Tall, Dark, and Deadly
I’ve read several of Heather Graham’s historical romances, but Tall, Dark, and Deadly is the first of her contemporary suspense novels that I’ve tried. I was surprised to find such a different voice and style; if I’d read it blind I never would have guessed it was written by the same author as Surrender or One Wore Blue. Naturally, a suspense novel would be darker than her historicals, although even they are not exactly light-hearted romps. But this was somewhat grittier than I expected. It wasn’t bad – suspense fanatics might really enjoy it. However, the characters seem bland at first, and the ending is somewhat disappointing.
When Marnie Newcastle disappears, few of her acquaintances are concerned. After all, Marnie is a self-centered party girl who lives a very promiscuous lifestyle. But Samantha Miller is Marnie’s neighbor and long-time friend, and she just knows something’s not right. Before Marnie has been gone for a full day, Samantha is already asking questions. Marnie knows a lot of men, and she has apparently slept with them all.
Among that number is Rowan Dillon, who has also recently purchased a home in Sam and Marnie’s secluded neighborhood. Sam and Rowan share a troubled past; they were previously involved while Rowan was still married. Sam didn’t know that he was married at the time, and Rowan’s wife was heavily into drugs. Sam and Rowan’s relationship ended badly, and at first he is the last person she wants to see. But as they explore Marnie’s disappearance together, Rowan seems to be the only person Sam can trust. When Sam starts getting threatening phone calls herself, she relies on Rowan for protection – and things between them start heating up again. But can they find out what happened to Marnie before Sam is harmed herself?
Tall, Dark, and Deadly is an uneven book, and I had trouble assigning it a grade. At times (mostly the middle and end of the book) I could hardly put it down. Then suddenly the characters would sound stilted or unnatural. This is especially true at the beginning of the book, when the wide cast is being introduced.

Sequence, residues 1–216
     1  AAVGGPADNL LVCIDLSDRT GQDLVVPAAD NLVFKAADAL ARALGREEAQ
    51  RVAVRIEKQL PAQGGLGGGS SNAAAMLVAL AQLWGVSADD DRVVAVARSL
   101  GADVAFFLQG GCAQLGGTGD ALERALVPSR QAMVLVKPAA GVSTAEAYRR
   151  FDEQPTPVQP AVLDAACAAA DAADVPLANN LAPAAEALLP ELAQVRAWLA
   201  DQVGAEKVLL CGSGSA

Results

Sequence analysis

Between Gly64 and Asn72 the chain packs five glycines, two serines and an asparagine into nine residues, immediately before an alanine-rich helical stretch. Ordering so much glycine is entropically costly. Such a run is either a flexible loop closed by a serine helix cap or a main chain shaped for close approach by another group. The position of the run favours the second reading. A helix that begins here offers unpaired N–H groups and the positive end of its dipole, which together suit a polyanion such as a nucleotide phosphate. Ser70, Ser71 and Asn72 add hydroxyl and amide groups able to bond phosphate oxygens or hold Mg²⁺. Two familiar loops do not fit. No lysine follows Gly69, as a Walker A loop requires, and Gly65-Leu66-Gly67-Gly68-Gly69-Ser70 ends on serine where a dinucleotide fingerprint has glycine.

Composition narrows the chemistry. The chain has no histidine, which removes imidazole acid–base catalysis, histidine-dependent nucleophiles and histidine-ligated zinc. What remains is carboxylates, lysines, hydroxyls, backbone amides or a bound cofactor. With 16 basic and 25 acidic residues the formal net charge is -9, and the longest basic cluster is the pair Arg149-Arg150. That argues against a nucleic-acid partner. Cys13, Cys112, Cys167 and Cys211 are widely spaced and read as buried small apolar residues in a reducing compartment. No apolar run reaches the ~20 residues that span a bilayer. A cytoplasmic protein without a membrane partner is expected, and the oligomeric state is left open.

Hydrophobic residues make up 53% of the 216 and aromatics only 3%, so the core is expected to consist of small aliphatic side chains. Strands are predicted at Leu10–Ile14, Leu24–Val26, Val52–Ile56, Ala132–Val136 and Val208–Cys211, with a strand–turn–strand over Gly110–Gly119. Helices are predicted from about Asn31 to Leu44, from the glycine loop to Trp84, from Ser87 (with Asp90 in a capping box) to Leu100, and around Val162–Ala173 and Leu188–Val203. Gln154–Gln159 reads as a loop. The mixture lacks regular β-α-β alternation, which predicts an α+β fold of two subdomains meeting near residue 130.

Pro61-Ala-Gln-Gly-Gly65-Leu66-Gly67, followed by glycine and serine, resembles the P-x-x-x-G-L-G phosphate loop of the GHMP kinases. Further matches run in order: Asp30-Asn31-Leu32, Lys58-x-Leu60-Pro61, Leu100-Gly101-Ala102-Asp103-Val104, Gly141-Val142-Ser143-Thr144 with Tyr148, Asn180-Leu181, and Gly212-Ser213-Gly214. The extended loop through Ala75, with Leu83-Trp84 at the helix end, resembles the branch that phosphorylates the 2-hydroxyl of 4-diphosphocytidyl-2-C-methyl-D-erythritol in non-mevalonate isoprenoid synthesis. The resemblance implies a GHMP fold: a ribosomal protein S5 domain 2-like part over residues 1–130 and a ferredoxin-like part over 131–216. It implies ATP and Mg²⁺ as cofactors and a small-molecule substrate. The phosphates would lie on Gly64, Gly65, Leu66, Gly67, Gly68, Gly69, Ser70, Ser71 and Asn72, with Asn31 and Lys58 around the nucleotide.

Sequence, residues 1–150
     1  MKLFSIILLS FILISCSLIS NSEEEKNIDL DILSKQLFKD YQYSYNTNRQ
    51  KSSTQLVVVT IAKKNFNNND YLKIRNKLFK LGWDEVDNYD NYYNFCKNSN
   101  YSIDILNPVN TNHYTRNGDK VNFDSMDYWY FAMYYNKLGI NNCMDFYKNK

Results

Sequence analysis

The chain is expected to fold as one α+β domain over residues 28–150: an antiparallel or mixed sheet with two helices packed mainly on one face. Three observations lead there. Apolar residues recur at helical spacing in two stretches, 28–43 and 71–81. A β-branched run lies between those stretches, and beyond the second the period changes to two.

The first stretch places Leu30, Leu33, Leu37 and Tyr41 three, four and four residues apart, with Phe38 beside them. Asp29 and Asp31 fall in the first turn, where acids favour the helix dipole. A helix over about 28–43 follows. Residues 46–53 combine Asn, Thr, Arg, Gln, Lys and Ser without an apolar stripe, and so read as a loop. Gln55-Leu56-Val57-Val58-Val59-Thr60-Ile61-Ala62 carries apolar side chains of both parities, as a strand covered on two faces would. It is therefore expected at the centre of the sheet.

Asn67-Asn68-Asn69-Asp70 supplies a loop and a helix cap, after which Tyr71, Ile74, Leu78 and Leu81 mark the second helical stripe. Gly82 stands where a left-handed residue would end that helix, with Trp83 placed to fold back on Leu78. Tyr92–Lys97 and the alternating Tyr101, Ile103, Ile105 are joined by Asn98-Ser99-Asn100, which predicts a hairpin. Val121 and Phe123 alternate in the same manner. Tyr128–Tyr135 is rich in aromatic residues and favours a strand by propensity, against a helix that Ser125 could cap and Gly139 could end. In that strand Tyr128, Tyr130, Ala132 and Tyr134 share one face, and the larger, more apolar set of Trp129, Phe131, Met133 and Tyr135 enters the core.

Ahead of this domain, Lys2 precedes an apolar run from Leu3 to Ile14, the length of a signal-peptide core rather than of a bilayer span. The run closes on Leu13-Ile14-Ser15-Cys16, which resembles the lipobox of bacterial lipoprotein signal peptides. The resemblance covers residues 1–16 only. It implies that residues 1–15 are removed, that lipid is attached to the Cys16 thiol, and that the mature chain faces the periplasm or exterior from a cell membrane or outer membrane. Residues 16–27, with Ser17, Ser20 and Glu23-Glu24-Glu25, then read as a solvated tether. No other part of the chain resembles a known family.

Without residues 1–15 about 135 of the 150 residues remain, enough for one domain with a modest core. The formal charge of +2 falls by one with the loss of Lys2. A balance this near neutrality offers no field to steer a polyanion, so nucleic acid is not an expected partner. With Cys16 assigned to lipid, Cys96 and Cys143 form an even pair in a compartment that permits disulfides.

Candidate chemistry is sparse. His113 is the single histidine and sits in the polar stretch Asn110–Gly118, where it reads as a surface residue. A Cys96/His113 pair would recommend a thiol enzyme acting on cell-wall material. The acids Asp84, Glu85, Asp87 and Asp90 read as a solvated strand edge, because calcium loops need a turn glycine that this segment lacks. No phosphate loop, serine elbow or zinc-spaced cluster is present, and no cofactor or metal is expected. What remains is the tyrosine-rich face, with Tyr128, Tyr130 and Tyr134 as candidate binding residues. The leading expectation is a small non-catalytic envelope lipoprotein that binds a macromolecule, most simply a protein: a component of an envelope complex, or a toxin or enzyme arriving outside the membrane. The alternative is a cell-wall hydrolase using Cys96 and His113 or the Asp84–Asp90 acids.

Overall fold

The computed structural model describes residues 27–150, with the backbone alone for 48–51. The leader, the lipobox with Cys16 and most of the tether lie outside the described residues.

The huge number of characters is probably the book’s chief flaw. Sam and Rowan are on stage often enough that by the end they are fairly well-developed, and their relationship is one of the best parts of this book. But the sheer number of secondary characters overwhelms the reader. None are adequately developed; they all seem like so much window dressing. This presents a problem during the climax of the book, when the villain is revealed. I never would have guessed who he was, but then I never would have picked any suspect. With so many characters milling around, the reader never gains enough insight into any of their motives. At least eight people could have been chosen as the villain just as easily, and it wouldn’t have changed the book at all.
Though the lack of character development marred the ending, the rest of the suspense was well done. The book is set in South Florida, and the Everglades play a prominent part in the plot, providing an eerie background. Graham lives in Florida, and you can tell, because the whole setting comes alive. I could almost smell the swamp air and see the dull glint of the alligator’s eyes.
If you enjoy suspense, you could do worse than this book. At times, the eerie setting made for a real page-turner. But it just wasn’t tight enough to have the right impact at the end. If the cast had been cut in half, it would have made for a much better book. Perhaps next time Graham will exercise some judicious pruning.